How has the technology evolved over the years? Breakthroughs that we could expect in the near future…
The 3D printing technology has evolved a great deal over the years. It has become much more faster, safer and easier to use. Several features like auto bed levelling and filament sensor has made operating a 3D printer a pleasant experience. The software being used today for a 3D printer is much easier and user-friendly. In the near future we can see a lot of headway in the medical and healthcare industry. Researchers are already working towards bio printing and organ printing. The jewellery industry will also see a lot of additive manufacturing penetration in the near future as it replaces its age old processes with a much easier and inexpensive option of 3D printing.

Many Indian companies are still unaware of the benefits of 3D printing. What can be done to uplift the 3D printing industry in the country?
3D printing is slowly being accepted by the Indian Industrial Sector. Workshops and seminars are an ideal tool to spread the word about 3D printing. Because the technology is new, a greater impact may come via the introduction of 3D printing into the public and private grade schools. Educational institutes need to introduce the concept of 3D printing so that the users can be introduced to the concept at a young age. Just about every subject within a school curriculum could benefit from 3D printing technology. When it is 3D printing, there are limitless ways in which the technology can be utilised.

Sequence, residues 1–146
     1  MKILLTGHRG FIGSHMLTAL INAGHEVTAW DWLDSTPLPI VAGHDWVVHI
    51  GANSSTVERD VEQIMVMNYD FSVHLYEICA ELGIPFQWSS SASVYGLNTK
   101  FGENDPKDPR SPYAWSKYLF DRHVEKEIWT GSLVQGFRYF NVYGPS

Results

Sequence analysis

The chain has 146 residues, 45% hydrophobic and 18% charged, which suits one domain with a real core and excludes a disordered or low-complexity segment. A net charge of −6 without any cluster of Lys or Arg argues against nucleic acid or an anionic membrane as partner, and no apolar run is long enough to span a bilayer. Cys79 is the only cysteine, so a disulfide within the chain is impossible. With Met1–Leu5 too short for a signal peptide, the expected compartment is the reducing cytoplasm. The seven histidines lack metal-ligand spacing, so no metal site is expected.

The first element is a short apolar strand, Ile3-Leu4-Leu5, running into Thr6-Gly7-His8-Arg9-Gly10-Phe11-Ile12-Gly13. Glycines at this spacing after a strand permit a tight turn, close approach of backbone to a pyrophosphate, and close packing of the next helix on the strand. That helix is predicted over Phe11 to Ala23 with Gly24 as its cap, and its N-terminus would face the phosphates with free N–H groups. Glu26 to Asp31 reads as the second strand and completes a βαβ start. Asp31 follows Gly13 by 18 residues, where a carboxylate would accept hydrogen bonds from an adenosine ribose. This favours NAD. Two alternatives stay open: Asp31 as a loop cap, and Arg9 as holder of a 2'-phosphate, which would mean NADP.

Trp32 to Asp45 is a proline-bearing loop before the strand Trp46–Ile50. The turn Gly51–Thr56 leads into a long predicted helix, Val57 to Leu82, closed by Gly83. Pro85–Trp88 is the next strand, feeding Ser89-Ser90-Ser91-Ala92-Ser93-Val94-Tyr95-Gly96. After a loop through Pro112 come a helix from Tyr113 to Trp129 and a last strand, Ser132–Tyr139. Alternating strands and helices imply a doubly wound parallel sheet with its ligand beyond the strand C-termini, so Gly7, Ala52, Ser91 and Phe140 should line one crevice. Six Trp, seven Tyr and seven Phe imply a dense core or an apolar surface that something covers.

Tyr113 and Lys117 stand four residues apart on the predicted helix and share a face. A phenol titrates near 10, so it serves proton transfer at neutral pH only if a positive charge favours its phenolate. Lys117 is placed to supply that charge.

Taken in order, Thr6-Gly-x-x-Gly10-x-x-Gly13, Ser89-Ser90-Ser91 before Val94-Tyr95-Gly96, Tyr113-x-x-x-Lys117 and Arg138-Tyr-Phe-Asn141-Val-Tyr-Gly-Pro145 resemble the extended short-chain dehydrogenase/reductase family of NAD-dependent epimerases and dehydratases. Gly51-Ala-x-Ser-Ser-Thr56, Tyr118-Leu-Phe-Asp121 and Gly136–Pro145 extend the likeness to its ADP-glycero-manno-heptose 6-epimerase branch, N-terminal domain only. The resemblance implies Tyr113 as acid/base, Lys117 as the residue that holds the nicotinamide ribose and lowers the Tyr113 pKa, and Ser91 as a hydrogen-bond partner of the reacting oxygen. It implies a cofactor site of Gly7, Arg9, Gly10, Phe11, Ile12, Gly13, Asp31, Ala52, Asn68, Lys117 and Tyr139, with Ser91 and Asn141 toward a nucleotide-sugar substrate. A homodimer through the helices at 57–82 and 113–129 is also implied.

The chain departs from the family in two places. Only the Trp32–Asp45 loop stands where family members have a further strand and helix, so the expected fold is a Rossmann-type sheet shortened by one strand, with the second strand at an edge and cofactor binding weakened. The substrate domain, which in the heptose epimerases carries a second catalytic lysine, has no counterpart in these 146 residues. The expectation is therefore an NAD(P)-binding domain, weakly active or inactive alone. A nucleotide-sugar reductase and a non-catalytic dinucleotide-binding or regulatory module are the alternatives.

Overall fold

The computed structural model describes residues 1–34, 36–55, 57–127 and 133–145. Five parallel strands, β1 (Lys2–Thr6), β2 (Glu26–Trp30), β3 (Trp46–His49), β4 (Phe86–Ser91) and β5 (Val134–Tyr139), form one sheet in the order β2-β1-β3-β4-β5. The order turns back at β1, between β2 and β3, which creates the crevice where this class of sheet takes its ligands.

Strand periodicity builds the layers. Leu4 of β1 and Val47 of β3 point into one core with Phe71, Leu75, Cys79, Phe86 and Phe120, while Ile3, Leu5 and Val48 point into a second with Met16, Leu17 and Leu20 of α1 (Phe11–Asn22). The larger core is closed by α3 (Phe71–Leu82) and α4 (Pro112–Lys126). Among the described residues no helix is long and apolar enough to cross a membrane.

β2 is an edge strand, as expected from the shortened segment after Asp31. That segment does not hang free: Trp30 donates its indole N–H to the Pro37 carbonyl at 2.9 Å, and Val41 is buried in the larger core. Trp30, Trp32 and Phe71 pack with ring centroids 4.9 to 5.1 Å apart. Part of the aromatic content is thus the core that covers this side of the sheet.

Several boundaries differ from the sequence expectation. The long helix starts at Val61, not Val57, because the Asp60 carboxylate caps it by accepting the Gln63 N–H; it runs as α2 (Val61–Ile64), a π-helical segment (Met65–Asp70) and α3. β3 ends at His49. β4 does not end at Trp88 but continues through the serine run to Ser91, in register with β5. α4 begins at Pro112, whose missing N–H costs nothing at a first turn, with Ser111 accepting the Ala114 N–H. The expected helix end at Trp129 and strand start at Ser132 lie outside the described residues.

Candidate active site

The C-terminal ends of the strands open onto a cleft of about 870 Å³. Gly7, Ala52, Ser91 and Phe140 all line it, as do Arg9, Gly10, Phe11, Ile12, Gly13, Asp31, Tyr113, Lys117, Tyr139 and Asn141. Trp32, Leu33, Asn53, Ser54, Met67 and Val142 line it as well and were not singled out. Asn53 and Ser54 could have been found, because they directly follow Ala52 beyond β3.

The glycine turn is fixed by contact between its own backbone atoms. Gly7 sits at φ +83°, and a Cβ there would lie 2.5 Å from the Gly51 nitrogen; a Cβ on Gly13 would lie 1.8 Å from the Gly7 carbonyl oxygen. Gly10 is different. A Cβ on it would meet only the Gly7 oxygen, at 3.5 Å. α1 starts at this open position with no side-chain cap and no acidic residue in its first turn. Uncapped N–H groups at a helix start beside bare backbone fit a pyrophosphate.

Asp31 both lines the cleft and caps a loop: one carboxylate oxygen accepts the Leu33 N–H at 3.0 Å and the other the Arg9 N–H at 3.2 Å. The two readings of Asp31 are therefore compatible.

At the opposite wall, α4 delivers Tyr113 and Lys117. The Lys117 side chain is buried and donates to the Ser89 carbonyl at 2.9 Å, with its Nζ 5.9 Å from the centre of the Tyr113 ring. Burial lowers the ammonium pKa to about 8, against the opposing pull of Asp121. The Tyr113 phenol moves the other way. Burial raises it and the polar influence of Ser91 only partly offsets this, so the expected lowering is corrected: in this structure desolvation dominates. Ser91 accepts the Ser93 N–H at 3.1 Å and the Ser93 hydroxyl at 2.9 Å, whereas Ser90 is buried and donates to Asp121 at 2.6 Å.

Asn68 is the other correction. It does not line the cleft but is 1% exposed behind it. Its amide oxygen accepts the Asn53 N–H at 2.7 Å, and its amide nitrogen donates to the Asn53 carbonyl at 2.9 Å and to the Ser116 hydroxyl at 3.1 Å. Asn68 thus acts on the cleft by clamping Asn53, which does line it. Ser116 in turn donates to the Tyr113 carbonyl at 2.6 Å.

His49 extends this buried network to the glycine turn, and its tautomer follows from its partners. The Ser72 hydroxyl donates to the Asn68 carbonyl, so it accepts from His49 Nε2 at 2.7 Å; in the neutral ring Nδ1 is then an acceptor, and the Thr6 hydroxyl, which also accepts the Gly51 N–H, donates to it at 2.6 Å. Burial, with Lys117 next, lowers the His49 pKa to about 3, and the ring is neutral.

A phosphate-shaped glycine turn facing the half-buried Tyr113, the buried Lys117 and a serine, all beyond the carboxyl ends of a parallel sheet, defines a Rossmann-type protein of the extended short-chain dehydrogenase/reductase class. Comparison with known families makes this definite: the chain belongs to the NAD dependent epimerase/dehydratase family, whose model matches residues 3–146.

Is there any support from Indian Government to promote this technology? Lately,
few startups have come up for 3D printer manufacturing/service in India. What has led young engineers towards this industry?
The Government’s initiative of ‘Make-in-India’ is certainly a great boost not only to the 3D printing technology but to the startup ecosystem. Young engineers are understanding the impact of the technology and are able to picture the way 3D printing will revolutionise the manufacturing industry. It will not only be used for prototyping but also for manufacturing moulds and even finished parts in some cases. It won’t be long before every house will have a 3D printer.

How you see the future of Indian 3D printing industry and what’s your future plan?
The Indian 3D printing industry looks extremely promising. The growth has been very encouraging with more and more companies adopting 3D printing to meet their manufacturing needs. The accelerated technology environment in the country will prove to be a great impetus for the 3D technology drive and adoption thereof. It not only shows great opportunities for the hardware but also the software for 3D printing. We do expect to see the adoption trend to grow rapidly for the desktop systems.

By Nishant Kashyap


Your email address will not be published.

You may use these HTML tags and attributes: <a href="" title=""> <abbr title=""> <acronym title=""> <b> <blockquote cite=""> <cite> <code> <del datetime=""> <em> <i> <q cite=""> <s> <strike> <strong>